1A Display of African Solutions for African Problems
A package of $251 million in support of the African Development Bank’s AFAWA initiative to support women entrepreneurs in Africa has been approved at the G7 summit. The risk-sharing mechanism used by AFAWA (Affirmative Finance Action for Women in Africa) is a practical approach to international commitments. It is a direct response to the demand by women to ease access to financing, specifically on the need to establish a financing mechanism for women’s economic empowerment, adopted during a summit of African heads of state in 2015 and assigned to the African Development Bank for implementation. The Bank’s president Akinwumi Adesina applauded the “extraordinary support of all the G7 heads of state and government, which will provide incredible momentum” to the AFAWA programme. He added that currently, women operate over 40% of SMEs in Africa, but there is a financing gap of $42 billion between male and female entrepreneurs. A gap that must be closed quickly. AFAWA aims to raise up to $5 billion for African women entrepreneurs and the African Development Bank will provide $1 billion financing. The AFAWA initiative, backed by the G7 nations, is based on three fundamental principles. The first is to improve women’s access to financing through innovative and adapted financial instruments, including guarantee mechanisms to support women entrepreneurs.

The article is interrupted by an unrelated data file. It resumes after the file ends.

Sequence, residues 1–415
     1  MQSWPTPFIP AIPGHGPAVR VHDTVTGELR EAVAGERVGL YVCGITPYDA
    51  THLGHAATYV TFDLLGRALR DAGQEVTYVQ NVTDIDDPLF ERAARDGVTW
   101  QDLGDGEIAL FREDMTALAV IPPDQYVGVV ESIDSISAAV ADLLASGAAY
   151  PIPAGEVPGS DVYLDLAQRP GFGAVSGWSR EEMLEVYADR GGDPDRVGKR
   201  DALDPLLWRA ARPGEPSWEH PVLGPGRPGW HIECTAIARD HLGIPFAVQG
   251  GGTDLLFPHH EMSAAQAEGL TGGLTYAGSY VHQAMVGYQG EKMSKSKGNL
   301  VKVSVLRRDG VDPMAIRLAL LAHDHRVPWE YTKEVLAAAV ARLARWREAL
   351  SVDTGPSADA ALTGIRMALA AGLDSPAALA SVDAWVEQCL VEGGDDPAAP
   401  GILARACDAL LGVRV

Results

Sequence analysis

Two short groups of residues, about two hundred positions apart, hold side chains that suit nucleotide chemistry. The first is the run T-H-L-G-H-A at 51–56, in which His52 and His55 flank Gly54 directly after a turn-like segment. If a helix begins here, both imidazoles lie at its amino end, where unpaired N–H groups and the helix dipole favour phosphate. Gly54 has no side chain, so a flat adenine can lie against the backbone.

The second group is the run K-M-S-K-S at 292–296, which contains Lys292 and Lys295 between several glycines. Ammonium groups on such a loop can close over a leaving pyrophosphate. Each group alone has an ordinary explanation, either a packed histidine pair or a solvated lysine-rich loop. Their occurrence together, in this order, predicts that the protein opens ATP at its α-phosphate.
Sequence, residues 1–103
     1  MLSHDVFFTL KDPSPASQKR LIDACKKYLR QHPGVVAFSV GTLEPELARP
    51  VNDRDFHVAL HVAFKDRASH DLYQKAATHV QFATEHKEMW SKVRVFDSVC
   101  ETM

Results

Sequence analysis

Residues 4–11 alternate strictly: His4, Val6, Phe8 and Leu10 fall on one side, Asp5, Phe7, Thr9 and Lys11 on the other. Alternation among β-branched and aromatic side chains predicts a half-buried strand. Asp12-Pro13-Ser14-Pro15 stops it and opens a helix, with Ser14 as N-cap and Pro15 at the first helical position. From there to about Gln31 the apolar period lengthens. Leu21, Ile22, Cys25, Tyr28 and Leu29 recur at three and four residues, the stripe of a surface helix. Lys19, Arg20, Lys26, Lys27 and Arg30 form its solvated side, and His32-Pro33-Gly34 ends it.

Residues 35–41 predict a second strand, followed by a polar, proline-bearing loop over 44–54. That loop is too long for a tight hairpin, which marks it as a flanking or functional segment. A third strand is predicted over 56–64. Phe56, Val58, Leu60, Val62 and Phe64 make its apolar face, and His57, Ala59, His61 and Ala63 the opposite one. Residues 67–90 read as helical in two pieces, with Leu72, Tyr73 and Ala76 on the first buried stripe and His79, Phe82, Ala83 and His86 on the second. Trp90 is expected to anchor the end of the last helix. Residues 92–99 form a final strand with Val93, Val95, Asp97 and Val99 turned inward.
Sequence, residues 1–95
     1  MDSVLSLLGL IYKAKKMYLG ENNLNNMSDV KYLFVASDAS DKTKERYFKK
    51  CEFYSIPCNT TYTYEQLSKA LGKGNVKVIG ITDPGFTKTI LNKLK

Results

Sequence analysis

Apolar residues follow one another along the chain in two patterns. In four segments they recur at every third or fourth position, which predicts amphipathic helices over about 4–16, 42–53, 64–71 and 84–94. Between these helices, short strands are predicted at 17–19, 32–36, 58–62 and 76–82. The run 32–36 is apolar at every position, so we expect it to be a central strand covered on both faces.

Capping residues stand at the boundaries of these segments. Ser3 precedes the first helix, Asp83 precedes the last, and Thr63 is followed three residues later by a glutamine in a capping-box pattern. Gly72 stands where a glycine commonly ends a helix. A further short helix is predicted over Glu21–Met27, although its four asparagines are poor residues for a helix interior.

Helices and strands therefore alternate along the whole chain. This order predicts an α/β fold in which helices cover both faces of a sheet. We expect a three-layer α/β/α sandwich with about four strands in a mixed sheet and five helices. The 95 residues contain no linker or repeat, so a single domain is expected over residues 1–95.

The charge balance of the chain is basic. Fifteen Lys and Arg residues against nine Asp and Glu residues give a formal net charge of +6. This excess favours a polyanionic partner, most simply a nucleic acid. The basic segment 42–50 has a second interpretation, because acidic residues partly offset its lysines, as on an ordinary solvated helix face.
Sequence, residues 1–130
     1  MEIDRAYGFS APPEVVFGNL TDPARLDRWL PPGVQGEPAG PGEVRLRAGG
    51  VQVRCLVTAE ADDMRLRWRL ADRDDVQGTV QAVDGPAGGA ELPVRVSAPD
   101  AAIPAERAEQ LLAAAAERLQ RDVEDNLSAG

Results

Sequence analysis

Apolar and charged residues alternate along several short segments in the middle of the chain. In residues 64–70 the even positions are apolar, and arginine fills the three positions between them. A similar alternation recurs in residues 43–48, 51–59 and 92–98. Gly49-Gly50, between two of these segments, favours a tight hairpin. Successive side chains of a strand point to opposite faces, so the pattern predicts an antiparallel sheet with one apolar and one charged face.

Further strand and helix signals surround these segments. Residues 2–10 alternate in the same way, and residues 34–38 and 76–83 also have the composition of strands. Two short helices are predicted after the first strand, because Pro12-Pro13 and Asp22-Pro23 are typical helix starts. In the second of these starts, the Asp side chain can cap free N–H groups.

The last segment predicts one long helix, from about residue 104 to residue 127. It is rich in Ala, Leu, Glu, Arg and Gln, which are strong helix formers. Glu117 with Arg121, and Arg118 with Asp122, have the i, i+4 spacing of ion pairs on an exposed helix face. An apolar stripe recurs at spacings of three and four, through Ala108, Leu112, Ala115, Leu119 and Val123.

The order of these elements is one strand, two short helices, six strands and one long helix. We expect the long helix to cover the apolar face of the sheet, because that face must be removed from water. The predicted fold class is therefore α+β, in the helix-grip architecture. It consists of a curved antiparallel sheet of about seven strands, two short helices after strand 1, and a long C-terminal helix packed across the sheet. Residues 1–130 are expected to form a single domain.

SOURCE: AFRICA NEWS
2Amazon Fires Raise the Flag for Africa’s Jungles